Protecting what we celebrate

The truths, rights and freedoms our country commemorates also are a summons to protect and defend

Independence Day always reminds me of the Gateway Arch on the west bank of the Mississippi River in St. Louis.

Since the time it was completed in 1965, when I was 8 years old, I would gather each Fourth of July with family and friends to watch the magnificent fireworks display at the foot of the Arch. Given that it also was my birthday, I certainly felt all the greater sense of celebration, but not without a growing appreciation over the years for the day commemorating our country’s birth, born from a quest for freedom and rights that history shows must be ever safeguarded from threats.

What stands out most in my memory about these celebrations is how the multicolored lights from the cascade of exploding fireworks would reflect off the massive legs of the Arch and two prominent architectural landmarks framed by it—the “Old Cathedral Church” and the “Old Courthouse.” It is fitting that representations of church and state are the first things seen through the memorial window of the Gateway Arch erected as a symbol of our country’s westward expansion. These landmarks represent the freedoms we cherish most—the freedom of religion and the rule of law meant to protect our constitutional freedoms.

The “Old Courthouse” in particular represents the struggles and difficulties our nation has experienced in its history in recognizing the “truths” that the Declaration of Independence declared “to be self-evident”—“that all Men are created equal, that they are endowed by their Creator with certain unalienable Rights, that among these are Life, Liberty, and the Pursuit of Happiness.”

In this courthouse, the first two trials of the pivotal Dred Scott case were heard regarding the issue of slavery and freedom. After the first case was dismissed in 1847 over a technicality, a second case in 1850 would result in a verdict by a St. Louis jury recognizing Dred Scott as a “free man.” But the plaintiffs appealed the case over what they claimed to be “their lost property,” and the case ultimately was overturned by the Supreme Court in 1857. The nation’s highest court, in a 7-2 decision, declared a whole class of people to be less than human—to be “property”—and therefore not deserving of the same rights belonging to those said to be “created equal.” This decision set the stage for our Civil War four years later.

We ask ourselves today, how could these “truths,” said to be self-evident, evade the understanding of the most learned men in our country? And yet 116 years later, the Supreme Court would repeat this ruling, declaring another whole class of people as property less than deserving of the “unalienable” right to “Life.” Compare the language of the 1857 Dred Scott and the 1973 Roe vs. Wade decisions and you cannot help but be appalled.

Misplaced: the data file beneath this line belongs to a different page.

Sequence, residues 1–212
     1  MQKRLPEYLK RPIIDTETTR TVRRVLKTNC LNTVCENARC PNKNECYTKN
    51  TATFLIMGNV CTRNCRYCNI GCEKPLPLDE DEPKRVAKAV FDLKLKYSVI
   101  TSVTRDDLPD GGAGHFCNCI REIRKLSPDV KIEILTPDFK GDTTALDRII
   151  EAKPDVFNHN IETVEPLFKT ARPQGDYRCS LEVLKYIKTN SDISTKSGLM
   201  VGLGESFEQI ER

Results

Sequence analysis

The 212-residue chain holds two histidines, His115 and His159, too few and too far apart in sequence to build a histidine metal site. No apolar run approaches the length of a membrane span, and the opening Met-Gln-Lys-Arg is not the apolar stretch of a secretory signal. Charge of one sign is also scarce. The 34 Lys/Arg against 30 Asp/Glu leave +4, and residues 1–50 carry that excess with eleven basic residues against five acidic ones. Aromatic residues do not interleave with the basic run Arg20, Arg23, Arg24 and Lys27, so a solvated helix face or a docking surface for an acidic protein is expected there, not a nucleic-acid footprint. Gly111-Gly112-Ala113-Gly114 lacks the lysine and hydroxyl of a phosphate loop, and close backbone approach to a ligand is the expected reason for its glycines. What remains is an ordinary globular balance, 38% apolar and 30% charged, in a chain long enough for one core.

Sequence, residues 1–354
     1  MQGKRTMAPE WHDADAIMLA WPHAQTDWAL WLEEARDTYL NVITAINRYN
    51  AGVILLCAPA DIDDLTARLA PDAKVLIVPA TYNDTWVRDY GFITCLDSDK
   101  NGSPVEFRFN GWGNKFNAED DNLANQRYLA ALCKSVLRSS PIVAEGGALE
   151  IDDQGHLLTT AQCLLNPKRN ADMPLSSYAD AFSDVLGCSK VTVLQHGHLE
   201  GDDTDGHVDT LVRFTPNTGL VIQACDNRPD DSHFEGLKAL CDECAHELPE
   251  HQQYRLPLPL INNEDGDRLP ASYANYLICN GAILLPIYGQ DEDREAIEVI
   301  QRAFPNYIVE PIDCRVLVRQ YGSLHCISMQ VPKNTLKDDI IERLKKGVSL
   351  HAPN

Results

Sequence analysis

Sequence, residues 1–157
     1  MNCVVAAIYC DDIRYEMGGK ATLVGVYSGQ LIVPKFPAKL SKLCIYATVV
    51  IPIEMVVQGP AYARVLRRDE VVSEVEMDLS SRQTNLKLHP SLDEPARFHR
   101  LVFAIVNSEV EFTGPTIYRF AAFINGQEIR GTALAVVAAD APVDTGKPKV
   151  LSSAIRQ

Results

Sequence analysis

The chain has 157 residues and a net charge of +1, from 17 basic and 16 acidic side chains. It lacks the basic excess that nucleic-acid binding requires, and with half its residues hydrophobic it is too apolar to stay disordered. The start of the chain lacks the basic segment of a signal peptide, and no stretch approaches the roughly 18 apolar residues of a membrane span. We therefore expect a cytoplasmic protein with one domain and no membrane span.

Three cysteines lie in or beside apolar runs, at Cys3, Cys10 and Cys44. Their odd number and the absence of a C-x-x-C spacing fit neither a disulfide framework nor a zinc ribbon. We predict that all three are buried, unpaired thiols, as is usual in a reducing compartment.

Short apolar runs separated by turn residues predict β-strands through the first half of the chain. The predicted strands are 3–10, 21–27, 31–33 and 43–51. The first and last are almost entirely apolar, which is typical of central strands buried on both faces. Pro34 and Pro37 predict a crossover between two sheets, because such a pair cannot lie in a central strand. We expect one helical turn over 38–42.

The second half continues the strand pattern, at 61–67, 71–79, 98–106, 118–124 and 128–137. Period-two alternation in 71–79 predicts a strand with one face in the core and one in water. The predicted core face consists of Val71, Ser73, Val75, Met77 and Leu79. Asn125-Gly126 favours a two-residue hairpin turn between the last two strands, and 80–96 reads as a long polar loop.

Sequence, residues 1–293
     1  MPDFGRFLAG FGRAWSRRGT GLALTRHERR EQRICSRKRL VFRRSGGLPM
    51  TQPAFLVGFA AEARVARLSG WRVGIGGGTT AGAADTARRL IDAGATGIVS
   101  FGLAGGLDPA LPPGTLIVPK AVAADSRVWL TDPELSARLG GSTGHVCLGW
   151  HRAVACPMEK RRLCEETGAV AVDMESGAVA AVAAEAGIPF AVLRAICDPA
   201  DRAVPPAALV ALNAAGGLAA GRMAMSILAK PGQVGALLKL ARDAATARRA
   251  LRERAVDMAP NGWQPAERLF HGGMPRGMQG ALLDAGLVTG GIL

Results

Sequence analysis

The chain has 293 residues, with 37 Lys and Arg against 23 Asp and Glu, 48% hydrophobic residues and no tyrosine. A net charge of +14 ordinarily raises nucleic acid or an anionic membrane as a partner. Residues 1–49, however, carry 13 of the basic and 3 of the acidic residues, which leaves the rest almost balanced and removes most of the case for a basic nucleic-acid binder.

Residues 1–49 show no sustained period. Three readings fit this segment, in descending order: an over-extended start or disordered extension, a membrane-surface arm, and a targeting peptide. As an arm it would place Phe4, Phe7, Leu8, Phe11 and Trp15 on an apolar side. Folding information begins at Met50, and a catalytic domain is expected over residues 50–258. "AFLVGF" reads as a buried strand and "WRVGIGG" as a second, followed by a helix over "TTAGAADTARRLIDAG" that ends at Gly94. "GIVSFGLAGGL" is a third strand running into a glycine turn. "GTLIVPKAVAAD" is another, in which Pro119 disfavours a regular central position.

History demonstrates that the self-evident “truths” and our “unalienable Rights,” celebrated in our Declaration of Independence, and those of our “Freedoms” guaranteed in our Constitution are never long without being challenged and attacked. These rights and freedoms are a great gift, but they also are a summons to us to be vigilant to protect them.

We celebrate as a nation now one such man—Dr. Martin Luther King Jr.—for standing up to defend the “Truths, Rights, and Freedoms” that our Founding Fathers recognized as coming “from above” and not from man. That it took 100 years after the Civil War for racial bigotry to begin giving way to a greater respect for equality and civil rights tells of the struggle and slowness of the human heart to respect these self-evident “truths,” and how easily they can be undone.

So today, particularly, when our religious freedom and rights of conscience are threatened, and with attacks against the Catholic Church only becoming bolder and more vile, we must have the courage to stand up and defend the fullness of the “Truth” that comes from God and the Church He has entrusted it with and that is to be the protector of.

My memories of fireworks at the foot of the Gateway Arch also include the hymn so often sung at the Masses of that holiday weekend—“America the Beautiful.” But one verse in particular always struck me and has become my prayer for this country I love—“America, America, God mend thine every flaw, confirm thy soul in self-control, Thy liberty in law!”

May your celebration of our nation’s birth be blessed and may God grant you the courage to defend and protect the “Truths, Rights, and Freedoms” that we celebrate. n

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